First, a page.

On a Sunday lunchtime, Sinclair drew out the burghers of North London, a similar crowd to that which trekked to Whiteread's House. We listened to his introductory talk in respectful silence, full of anticipation for the cabalistic mysteries and heartbreaking histories into which we believed we were about to be initiated. Sinclair's walk was planned as an odyssey around Spitalfields, triangulating three islands - three locations where there were films to watch. He told us the story of Rodinsky in the fantastic rhythms that structure his writing: gobbets of mythopoeic ranting subsuming the local histories of the professional nostalgists; staccato delivery of bad advice; Ripperlogy in small doses; prose as remorseless as a pump action shotgun. It really is a great style.
We were sent out with photocopied maps to retrace his steps and visit the locations at which he had engineered memory installations. The first stop was a house in Redchurch Street, next door to Modern Art Inc., whose owners had gone on holiday and allowed Artangel to set up a TV in their roof garden. Nice house. You passed through their bedroom, with a yoga manual on the mantelpiece and a lovely array of clothes arranged on wooden pallets, then, having absorbed this object lesson in interior design, squatted on the roof with its glorious view to watch a film about a vanished Jew. The sun hit the screen and only vague outlines of things were discernible. On the soundtrack, Lichtenstein told us how she tracked Rodinsky's movements across London.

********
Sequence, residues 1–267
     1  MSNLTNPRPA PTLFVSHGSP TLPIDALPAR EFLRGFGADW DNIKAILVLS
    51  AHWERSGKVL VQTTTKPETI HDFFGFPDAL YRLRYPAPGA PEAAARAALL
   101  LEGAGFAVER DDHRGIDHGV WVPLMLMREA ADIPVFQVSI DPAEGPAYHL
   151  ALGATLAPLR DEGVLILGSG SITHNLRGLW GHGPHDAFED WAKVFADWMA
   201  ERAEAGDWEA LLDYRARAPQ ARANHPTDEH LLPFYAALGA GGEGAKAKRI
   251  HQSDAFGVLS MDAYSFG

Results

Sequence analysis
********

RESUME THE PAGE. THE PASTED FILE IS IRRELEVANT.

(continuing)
I was enjoying myself. It was a lovely afternoon to be doing this. But when I got to a hotel room above the Shiraz restaurant in Brick Lane and met some people who had walked the other way, they seemed frustrated. 'The films are terrible', said one woman. Someone tried to explain that they were meant to be grainy and odd. The down-at-heel hotel room possessed a sad atmosphere of transience and solitude. On screen, the tower of a mental hospital in Dagenham where Rodinsky's sister was incarcerated and died, materialised and vanished as Sinclair walked towards it along a motorway.
Down Fournier Street, under Old Spitalfields Market, we sat in the dark on bits of sacking in the cellar of the Magpie Bookshop and waited for the video projection to start. This film took us with Rodinsky to places where he liked to go on long walks. We ended up in a park where the camera - that of filmmaker Chris Petit - lingered on fountains that turned into abstract cascades. Beautiful, hypnotic, this last film took the poor pilgrim further than ever from the story of David Rodinsky.
The more frustrated the walkers became in their quest for a vanished Jew - led on by the promise of a good story and a cabalistic secret - the better the walk worked. It became a detour. Like his endlessly digressive writing, Sinclair's walk acted not as an elaboration but as an avoidance of the Rodinsky myth. His collaboration with Lichtenstein had a cruel quality: she was as much his stooge as his associate. She represented straight storytelling, the kind that generates acres of publicity and made this event such a hit. But Sinclair's walk didn't take us anywhere near Rodinsky or his room. It took us all around the houses - fun, but pointless. What did you expect? Rodinsky's room contains no secret but a disconnection from the sane routines of city life, a cutting loose from common sense and the drawing of a connection between reading and madness. Sinclair has shrunk the house that could not be entered into an empty room signifying nothing.